House Speaker Kevin McCarthy and Joe Biden reached a deal last night to raise the debt ceiling and prevent the United States from defaulting on its obligations.
Is it a good deal? Who will bear the burden? Should it have ever gotten to this point? Did Biden blow it?
These questions will be debated endlessly over the next weeks and perhaps months, but one of them is relevant right now.
The only relevant question is whether Republican McCarthy and Democrat Biden, the US president, along with House minority leader Hakeem Jeffries, the Democratic congressman from New York, can cobble together a majority to pass it before 5 June.
That’s when Treasury Secretary Janet Yellen says the US will run out of funds to pay its bills.
I believe they can, because they must. There’s no time for further negotiations, and neither side would give anything else away. The deal is done.
But the Maga Right crazies in the House – anywhere from 28 to 123 by my measure – may not go along, especially if former US president Donald Trump says it’s a bad deal. Which means additional House Democrats will have to agree.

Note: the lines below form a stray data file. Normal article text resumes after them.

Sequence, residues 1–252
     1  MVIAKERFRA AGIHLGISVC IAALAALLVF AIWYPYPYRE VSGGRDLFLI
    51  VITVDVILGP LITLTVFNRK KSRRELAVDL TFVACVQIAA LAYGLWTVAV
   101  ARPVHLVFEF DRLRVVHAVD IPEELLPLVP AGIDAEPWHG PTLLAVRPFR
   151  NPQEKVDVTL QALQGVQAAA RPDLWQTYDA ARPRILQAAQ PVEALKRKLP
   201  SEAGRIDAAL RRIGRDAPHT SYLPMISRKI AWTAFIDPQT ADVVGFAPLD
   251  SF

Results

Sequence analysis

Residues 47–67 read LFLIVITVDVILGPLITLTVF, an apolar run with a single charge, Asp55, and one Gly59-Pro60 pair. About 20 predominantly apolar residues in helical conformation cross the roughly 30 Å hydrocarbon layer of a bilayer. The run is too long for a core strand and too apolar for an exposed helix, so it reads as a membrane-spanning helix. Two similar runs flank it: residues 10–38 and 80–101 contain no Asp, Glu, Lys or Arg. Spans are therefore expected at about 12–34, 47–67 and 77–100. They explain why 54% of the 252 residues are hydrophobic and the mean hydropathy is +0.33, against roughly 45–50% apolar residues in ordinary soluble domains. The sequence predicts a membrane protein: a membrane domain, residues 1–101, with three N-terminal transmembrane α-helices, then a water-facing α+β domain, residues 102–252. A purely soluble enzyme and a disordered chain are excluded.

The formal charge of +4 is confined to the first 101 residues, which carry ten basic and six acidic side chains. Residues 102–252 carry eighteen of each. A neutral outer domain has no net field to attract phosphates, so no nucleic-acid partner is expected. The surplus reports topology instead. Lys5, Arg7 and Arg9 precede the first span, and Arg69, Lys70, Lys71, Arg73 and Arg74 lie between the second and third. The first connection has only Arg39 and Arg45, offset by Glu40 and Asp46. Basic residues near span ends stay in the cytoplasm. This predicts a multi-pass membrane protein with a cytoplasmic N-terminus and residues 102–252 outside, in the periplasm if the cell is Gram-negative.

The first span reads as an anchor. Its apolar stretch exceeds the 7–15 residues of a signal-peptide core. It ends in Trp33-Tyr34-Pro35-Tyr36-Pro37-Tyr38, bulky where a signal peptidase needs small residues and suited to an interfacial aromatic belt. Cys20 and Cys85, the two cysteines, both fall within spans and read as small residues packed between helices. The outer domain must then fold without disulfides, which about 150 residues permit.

Will they? Here’s where the asymmetry between House Republicans who don’t believe in government and House Democrats who do comes into play.
Progressive Democrats will object to the freeze on certain domestic discretionary spending programs and additional work requirements on the recipients of food stamps and Temporary Assistance for Needy Families, as unfair and unnecessary.
But most House Democrats will go along with the deal because they believe in government, and they don’t want America to default – with potentially cataclysmic consequences domestically and internationally.
Many in the House Maga crowd, on the other hand, will see this vote asRead more on theguardian.com